“The clear message that came out of that series is that people really do care about individual players, and there is a way to market them and a way not to market them,” said Greg Wyshynski, editor of the Puck Daddy blog on Yahoo Sports. “In the mid-1990s they marketed skill and majesty and Peter Forsberg pirouetting through the offensive zone. But what people really care about is, ‘This guy hates this guy and here’s why and here’s why you need to watch.’ ”

Beyond the star power of the league’s best young players is the way those performers are able to showcase their skills. Casual fans were driven away from hockey in the late 1990s and early part of this decade because, quite frankly, it was boring. Defense-first strategy engulfed the league and sapped the enjoyment.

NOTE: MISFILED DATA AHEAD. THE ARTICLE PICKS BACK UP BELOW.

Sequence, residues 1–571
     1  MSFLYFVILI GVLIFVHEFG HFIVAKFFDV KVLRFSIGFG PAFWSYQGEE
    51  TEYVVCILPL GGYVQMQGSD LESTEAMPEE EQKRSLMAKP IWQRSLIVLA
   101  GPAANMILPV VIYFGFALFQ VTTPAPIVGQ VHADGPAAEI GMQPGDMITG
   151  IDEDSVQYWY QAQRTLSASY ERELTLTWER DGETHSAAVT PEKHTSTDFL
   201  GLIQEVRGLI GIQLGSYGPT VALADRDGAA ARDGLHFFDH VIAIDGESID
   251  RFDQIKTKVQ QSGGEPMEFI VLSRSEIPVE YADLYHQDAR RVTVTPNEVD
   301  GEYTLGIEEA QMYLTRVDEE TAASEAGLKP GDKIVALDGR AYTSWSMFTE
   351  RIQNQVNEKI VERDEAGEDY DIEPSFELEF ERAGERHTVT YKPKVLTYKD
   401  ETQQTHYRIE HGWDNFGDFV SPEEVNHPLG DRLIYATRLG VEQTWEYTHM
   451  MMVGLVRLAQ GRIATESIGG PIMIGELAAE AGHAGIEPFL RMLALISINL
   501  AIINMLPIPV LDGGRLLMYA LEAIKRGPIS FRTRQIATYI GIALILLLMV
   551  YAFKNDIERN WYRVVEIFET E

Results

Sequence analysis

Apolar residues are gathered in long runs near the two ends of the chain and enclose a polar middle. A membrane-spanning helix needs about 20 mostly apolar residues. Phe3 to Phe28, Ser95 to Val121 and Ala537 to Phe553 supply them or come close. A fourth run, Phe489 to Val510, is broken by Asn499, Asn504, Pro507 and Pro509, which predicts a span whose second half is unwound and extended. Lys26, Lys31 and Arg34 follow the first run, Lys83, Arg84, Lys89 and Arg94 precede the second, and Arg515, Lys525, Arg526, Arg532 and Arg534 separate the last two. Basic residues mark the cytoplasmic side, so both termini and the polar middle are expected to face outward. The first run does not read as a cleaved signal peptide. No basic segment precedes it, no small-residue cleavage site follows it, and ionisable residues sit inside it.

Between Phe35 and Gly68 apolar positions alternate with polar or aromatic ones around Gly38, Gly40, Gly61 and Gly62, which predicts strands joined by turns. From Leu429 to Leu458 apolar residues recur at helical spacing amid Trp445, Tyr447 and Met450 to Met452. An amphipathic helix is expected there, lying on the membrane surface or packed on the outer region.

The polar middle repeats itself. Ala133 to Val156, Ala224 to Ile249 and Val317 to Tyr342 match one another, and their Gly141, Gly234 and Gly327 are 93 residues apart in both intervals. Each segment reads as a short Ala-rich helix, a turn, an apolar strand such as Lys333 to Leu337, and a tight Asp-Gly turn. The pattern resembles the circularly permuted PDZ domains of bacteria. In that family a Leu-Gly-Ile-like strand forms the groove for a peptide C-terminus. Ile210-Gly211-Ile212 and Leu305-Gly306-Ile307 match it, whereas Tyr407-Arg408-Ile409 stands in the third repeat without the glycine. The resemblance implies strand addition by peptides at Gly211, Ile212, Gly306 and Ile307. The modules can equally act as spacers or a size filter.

People may focus on the new financial system birthed by the collective bargaining agreement, but the rules overhaul may have actually had a bigger impact. Sure, the salary cap allows more teams to compete, and winning teams put people in the seats. But the way skill and speed have been injected back into the game is also paramount, and the positive impact on the fan experience cannot be understated.

“I think these past years since the lockout have been the best hockey there’s ever been,” Nashville general manager David Poile said. “I am a big proponent of the rule changes we made, and I think the game is in great shape.”